Monday, October 12, 2015

Estate Planning Mistakes to Avoid

As an estate planning attorney, I often find it of interest to read about a celebrity’s estate plan.  Celebrity estate plans can provide both good and poor examples of what should and should not be done by all of us.  Recently, I came across an interesting article entitled “7 Estate Planning Lessons from Celebrities” which brought focus to this very topic.  I would recommend reading it as the lessons provided are applicable to those with significantly less wealth than the celebrity examples found in the article.  To bring focus to just two of the seven lessons provided in the article, I would like to focus on the estate plans of Philip Seymour Hoffman and Heath Ledger.  

Philip Seymour Hoffman didn’t want his children to become “trust-fund kids.”  However, it is reasonable to conclude that Hoffman had a desire that his children’s reasonable needs be met with his wealth.  Against the advice of his attorneys, Hoffman’s estate plan was to leave his entire estate to his long-time girlfriend Mimi O’Donnell.  It was Hoffman and O’Donnell’s mutual understanding that she would use his wealth to provide financially for the children, in her absolute discretion.  This plan had two significant flaws.  First, because Hoffman and O’Donnell were not married, the transfer of Hoffman’s estate to O’Donnell was taxable for estate tax purposes.  Second, without proper instructions and guidelines as would typically be found in a trust agreement, there is no guarantee that O’Donnell will use Hoffman’s wealth in a manner that Hoffman would have approved of in relation to the upbringing of his children.  Lesson to be learned from Hoffman’s estate plan is to not leave your estate to one person without proper guidelines and instruction in a legally enforceable document like a trust.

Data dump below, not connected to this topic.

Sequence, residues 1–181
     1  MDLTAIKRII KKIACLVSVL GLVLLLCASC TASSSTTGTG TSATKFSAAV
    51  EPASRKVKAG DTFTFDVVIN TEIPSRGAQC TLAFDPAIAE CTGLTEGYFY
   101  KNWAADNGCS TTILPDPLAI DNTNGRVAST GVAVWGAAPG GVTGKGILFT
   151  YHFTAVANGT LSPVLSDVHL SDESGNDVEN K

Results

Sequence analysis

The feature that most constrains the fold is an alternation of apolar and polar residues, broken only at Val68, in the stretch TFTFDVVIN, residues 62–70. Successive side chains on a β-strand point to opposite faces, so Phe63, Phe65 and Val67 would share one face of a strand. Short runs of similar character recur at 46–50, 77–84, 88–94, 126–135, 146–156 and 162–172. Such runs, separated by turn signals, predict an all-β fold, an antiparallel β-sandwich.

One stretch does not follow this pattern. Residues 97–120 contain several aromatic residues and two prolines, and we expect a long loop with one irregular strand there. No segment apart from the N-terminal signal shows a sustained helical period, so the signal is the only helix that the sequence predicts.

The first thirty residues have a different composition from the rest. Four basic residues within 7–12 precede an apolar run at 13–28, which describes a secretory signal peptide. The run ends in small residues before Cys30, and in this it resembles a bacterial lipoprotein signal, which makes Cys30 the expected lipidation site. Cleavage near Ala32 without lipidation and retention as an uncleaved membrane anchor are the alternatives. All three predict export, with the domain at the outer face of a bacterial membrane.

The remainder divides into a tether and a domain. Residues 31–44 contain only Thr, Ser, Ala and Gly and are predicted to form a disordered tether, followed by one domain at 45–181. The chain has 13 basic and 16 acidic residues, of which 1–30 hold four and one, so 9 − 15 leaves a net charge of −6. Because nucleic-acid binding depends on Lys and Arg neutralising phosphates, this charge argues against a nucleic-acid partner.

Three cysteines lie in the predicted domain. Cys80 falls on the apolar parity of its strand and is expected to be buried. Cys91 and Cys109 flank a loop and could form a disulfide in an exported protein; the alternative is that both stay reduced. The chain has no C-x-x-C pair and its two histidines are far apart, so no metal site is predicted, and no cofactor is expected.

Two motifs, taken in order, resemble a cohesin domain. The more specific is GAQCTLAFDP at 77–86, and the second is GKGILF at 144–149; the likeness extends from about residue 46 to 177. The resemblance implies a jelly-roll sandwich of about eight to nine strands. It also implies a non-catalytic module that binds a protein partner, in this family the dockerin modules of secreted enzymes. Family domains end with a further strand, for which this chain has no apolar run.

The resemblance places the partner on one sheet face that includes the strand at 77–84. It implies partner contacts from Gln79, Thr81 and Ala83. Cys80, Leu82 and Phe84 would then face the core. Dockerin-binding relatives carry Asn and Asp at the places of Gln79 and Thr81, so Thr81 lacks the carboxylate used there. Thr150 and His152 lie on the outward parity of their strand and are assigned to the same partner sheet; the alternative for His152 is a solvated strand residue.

Although quite young at the time of his death, the 28 year-old actor Heath Ledger had a will when he died in 2008.  Apparently, Ledger had drafted his will previous to the birth of Ledger’s daughter leaving his entire estate to his parents and sisters.  Fortunately, Ledger’s family did the right thing by allowing the entire estate to pass to his daughter.  The result of Ledger not taking the time to update his will after the birth of his child could have been ugly with the worst case scenario of Ledger’s daughter receiving nothing from her father’s estate.  The lesson to be learned from Ledger’s estate is that as certain life events occur, a review and update of your estate plan should take place.



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